Late last year I read about a woman who bought 100 Christmas presents for each of her three children. The accompanying photo showed the proud mother beside a shoulder-high pile of presents engulfing a large Christmas tree.
She noted the presents weren't expensive but she loved watching the joy on her kids' faces as they opened the multiple presents she'd purchased throughout the year.
I thought the image was an apt metaphor for today's easy-come-easy-go, transaction-oriented society. Little is valued because 'things' are so plentiful and can easily be replaced or upgraded to a better, shinier version.
My great-grandparents would be horrified; they would remember the days of scrimping and saving all year (or longer) to buy that special something - a something treasured since it was so hard to come by.
It's a similar story with investment markets. Gone are the days where people treasure their investments as long-term assets to be owned 'forever'.
Early in my career, I met people who had inherited portfolios from parents and grandparents. Their owners were often reluctant to sell them 'because Granddad bought them and they're a legacy'.
Shares were owned for capital gain that would accrue over years or decades. The certificates were kept in bottom drawers, probably with the family silver and other treasures.
Imagine if this old-fashioned approach prevailed today. Would you build a different investment portfolio if you were leaving it to your children and grandchildren as a long-lasting legacy?
Warren Buffett supports this notion, suggesting we should only buy something we'd be perfectly happy to hold if the markets shut down for 10 years.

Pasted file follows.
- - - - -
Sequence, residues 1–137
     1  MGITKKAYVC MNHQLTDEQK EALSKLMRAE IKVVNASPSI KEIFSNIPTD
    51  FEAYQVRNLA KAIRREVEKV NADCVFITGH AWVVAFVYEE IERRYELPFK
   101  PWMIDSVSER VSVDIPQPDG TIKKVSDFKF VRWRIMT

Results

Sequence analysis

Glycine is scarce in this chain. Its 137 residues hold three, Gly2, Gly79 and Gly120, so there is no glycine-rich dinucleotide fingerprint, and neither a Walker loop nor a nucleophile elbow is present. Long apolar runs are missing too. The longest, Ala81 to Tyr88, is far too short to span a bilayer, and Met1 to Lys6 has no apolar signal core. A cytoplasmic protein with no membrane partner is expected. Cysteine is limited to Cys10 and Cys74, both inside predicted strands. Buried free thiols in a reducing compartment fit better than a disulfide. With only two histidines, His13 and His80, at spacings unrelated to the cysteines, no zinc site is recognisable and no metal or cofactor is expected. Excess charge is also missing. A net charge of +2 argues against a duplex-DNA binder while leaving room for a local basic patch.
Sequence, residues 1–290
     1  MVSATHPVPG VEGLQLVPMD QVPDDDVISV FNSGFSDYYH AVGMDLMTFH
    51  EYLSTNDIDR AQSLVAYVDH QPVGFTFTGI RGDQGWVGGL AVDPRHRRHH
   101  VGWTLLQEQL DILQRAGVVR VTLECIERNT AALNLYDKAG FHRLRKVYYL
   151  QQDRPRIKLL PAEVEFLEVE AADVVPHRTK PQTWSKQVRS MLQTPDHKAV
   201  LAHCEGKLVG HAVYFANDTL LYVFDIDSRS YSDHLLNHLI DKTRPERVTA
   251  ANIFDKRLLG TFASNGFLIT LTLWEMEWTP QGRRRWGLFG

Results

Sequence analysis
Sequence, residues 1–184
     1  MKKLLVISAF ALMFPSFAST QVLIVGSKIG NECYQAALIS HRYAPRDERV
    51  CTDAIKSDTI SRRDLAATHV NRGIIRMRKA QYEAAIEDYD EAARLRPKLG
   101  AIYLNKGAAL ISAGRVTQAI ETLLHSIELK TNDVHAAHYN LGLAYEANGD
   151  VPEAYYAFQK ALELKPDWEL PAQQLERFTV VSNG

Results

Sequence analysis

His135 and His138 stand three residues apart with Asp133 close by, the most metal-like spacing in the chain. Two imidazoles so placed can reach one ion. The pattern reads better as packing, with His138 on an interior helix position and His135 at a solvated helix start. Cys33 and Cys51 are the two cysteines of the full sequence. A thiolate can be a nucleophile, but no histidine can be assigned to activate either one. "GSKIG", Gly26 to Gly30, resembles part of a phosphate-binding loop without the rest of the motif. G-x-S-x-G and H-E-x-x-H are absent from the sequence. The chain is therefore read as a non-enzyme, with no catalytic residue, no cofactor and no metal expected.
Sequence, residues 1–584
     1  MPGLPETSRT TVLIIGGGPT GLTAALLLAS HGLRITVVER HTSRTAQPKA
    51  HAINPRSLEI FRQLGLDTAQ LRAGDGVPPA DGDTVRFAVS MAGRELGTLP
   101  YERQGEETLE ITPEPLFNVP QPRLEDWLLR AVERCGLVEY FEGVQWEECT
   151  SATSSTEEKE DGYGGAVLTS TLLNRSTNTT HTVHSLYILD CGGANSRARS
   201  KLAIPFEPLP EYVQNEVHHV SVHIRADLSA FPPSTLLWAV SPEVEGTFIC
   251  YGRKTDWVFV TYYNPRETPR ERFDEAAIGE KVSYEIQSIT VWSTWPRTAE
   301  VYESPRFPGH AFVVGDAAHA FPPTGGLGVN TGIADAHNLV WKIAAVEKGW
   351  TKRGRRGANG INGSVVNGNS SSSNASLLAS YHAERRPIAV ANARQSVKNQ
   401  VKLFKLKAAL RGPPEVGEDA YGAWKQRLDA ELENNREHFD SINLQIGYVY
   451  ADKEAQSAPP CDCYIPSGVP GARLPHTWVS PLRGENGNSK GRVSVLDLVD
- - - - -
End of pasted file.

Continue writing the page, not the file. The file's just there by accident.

What would investing be like if, unlike the generous Christmas mum, we couldn't buy and sell readily?
We would probably adopt the mindset of a private company owner. We'd think long and hard about each investment before committing to it. We'd have to be certain of what we were doing; there'd be no 'taking a punt' on anything.
Any consideration of adding to or reducing our holding would take account of the likely long-term future for our company.
We might consider diversifying but we'd quickly realise how difficult it is to keep up with a bunch of private companies. Without a public market, we wouldn't have the same access to information and would have to rely on management keeping us up to date with company goings-on.
We'd learn to take economic and political cycles in our stride. As for daily changes in the value of our businesses, they'd be irrelevant.
There would potentially be great fortunes made and lost.
If we were adept at identifying a profitable business run by a talented management team, we could find ourselves with an increasingly valuable investment over time. The opposite could also be true, with some investors potentially duped by a flimsy idea or an unscrupulous management team.
Of course, this is a hypothetical and unlikely exercise as liquidity is plentiful and capital flows freely.
But it is nevertheless useful to think about what could go wrong before it does. Liquidity and the ability to sell can disappear quickly in a market panic.
Before making any investment ask yourself: would I be happy to own this for the next 10 years? And is this investment likely to grow in value over time, so it deserves a place next to my other treasured assets?
One or two great investments that stand the test of time must surely beat 100 brightly wrapped presents that may not even make it to Boxing Day.